Vandy: Here's what I will say. This comes back to, you know, how do you organize your environment? I would say the way some of our advanced customers are thinking about this and the things we've learned from them is first start with a baseline. What are some absolute things in your organization that you don't want happening? We have a good set of org policies that we recommend customers start with. So figure that out and enforce that broadly across your organization. It's important you start this way. Then the second piece of that is structure your folders in a way and plan for scale. You can organize it by business units. You can organize it by cost centers. The last thing I want customers doing is going ahead and giving exceptions and forgetting that they gave exceptions for these kinds of guard rails. Organize it in a way so that you're adding on constraints, depending on the business requirements of those business units. That's something I feel like it's easier said than done, but that's a very basic way to make sure that you're protecting as you are also personalizing for your different units. That's one thing I would definitely say. The second piece of that is also, you know, start with a good security framework. One thing that we've heard from our customers is what they love about org policies when a developer gets denied and says, "Hey, you're not allowed to actually do this with a VM," it's really easy to understand, "Hey, why is this not allowed in my organization? I get it, right?" So start with a really good security framework, express that in a way that makes sense to your organization, right? I think that's really important from a customer perspective and we've seen great success in the adoption of these guard rails, developer productivity, and so on and so forth.

Timothy: Vandy, that makes a ton of sense. I want to wrap up with our traditional closing question because we hate to leave listeners empty-handed. Do you have reading aside from go watch your, by the way, excellent, really well-done Next sessions with our friends over at HSBC? Do you have recommended reading for people?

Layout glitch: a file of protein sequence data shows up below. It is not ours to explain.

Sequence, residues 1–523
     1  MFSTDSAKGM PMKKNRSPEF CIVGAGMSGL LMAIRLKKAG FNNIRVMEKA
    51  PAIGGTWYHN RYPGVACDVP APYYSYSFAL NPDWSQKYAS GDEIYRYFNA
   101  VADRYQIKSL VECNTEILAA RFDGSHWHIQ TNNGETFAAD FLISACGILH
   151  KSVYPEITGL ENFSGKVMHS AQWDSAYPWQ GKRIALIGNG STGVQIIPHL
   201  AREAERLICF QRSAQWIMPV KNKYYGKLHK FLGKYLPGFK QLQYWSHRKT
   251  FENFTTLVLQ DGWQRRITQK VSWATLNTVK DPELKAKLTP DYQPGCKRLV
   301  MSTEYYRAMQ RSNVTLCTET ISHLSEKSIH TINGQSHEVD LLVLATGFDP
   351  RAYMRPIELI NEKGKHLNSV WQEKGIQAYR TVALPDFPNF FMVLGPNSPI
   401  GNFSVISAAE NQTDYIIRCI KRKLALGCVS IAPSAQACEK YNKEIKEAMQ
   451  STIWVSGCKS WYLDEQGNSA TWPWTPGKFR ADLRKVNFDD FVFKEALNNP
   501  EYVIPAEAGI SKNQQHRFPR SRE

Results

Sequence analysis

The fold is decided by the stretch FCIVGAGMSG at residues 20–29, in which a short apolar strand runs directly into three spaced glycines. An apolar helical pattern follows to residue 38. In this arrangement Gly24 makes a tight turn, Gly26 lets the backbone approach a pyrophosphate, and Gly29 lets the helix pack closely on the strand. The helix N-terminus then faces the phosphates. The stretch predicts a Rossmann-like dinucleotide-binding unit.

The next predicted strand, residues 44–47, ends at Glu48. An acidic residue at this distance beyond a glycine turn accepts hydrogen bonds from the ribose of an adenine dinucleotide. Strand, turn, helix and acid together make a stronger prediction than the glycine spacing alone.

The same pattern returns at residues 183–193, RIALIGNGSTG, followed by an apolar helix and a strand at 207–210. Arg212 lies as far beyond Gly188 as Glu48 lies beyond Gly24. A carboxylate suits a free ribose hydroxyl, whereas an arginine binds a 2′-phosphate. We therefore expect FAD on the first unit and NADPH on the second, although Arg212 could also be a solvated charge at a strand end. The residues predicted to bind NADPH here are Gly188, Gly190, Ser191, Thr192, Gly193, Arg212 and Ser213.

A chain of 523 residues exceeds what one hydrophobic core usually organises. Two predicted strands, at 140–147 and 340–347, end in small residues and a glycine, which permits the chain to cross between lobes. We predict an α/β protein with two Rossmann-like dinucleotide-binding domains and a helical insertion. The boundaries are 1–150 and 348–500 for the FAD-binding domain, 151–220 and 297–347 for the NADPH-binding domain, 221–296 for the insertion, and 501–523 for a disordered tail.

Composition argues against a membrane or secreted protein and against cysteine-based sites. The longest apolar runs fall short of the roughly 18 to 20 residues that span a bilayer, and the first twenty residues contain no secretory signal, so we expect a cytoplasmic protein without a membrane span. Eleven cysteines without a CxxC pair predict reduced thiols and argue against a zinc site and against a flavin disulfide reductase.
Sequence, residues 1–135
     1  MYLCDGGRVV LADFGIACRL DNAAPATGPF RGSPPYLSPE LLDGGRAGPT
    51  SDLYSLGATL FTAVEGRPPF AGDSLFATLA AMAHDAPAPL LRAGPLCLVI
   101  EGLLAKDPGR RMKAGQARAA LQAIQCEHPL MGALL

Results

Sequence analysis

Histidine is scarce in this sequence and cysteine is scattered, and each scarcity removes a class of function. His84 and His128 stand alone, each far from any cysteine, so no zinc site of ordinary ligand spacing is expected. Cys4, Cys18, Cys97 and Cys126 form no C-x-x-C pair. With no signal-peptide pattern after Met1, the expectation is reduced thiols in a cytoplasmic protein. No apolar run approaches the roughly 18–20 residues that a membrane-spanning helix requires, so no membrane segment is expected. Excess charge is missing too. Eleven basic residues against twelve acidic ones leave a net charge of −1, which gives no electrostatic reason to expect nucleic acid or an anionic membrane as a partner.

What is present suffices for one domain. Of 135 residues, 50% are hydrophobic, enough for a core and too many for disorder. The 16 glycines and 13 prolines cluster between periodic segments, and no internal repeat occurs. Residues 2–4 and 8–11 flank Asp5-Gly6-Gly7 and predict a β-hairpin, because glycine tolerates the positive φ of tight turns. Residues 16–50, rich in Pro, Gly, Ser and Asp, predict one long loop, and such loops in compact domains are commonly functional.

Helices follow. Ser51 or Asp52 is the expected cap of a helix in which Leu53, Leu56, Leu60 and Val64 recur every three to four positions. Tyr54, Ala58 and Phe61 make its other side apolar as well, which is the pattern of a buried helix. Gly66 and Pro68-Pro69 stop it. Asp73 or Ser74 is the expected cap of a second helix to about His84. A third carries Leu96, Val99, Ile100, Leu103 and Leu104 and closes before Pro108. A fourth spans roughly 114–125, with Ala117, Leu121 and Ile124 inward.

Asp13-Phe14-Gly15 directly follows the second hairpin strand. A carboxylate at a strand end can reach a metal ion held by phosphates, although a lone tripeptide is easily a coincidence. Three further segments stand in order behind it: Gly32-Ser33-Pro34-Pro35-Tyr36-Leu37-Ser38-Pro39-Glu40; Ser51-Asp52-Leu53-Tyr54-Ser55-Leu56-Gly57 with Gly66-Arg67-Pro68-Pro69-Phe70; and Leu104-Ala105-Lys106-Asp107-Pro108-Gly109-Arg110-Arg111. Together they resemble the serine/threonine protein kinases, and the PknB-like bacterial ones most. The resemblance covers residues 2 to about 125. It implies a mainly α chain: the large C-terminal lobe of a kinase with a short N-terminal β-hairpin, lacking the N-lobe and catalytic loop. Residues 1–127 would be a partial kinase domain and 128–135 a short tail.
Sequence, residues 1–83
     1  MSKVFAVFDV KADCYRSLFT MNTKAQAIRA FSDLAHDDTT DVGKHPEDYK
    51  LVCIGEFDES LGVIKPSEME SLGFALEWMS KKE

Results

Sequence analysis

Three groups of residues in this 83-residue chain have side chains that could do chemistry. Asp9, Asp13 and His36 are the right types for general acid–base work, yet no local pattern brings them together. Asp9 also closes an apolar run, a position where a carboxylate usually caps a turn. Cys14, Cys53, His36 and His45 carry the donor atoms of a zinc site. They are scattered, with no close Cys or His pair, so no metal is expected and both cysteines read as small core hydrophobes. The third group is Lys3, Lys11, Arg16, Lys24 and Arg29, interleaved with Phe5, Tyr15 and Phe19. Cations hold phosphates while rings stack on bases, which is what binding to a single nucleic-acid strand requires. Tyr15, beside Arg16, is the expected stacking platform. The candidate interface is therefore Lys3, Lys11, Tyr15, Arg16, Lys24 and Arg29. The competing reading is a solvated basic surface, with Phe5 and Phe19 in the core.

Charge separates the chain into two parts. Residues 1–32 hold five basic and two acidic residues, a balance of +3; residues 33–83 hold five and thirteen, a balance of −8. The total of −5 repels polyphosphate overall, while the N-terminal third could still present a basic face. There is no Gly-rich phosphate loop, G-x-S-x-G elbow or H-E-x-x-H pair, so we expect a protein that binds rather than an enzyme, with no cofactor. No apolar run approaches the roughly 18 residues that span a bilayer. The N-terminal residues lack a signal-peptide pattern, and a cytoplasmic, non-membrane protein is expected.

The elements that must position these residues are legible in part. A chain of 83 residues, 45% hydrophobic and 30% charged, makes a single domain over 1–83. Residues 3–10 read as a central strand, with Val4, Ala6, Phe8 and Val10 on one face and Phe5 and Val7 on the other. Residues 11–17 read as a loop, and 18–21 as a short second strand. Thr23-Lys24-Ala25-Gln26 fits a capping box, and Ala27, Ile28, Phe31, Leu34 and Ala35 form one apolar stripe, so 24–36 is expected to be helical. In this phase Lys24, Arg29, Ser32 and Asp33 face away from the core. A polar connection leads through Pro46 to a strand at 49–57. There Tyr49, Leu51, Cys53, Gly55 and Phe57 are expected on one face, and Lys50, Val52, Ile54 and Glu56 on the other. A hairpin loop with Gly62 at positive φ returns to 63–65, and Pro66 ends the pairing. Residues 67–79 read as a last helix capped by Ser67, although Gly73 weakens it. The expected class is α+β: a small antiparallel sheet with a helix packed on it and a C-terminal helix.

Vandy: Yeah, I do have recommended reading. There's one piece. Of course, the next talks are called governance guard rails and policy intelligence. I love the way HSBC and both Target talked about it so definitely go check it out. Many of the things I've touched on, they touch on there. Outside of that, of course, we also have documentation, but we have a ton of blog posts on, like, how we're using recommended videos over granting. That's definitely one. And how more importantly to deploy these policies using policy as code? The best thing to do is to automate a whole bunch of these and remove the manual processes. We have those blog posts as well ready to go for your perusal.

Timothy: Nice. Well, Vandy, thank you so much for making the time to join us. I know scheduling this was no easy feat. Listeners, thank you so much for joining us today.

Anton: And now we are at time. Thank you very much for listening and of course, for subscribing. You can find this podcast at Google Podcasts, Apple Podcasts, Spotify, or wherever else you get your podcasts. We are, in fact, on many, many apps. Also, you can find us at our website, Please subscribe so that you don't miss episodes. You can follow us on Twitter, podcasts. Your hosts are also on Twitter at anton_chuvakin and at _TimPeacock. Tweet at us, email us, argue with us. And if you like or hate what you hear, we can invite you to the next episode. See you on the next "Cloud Security Podcast" episode.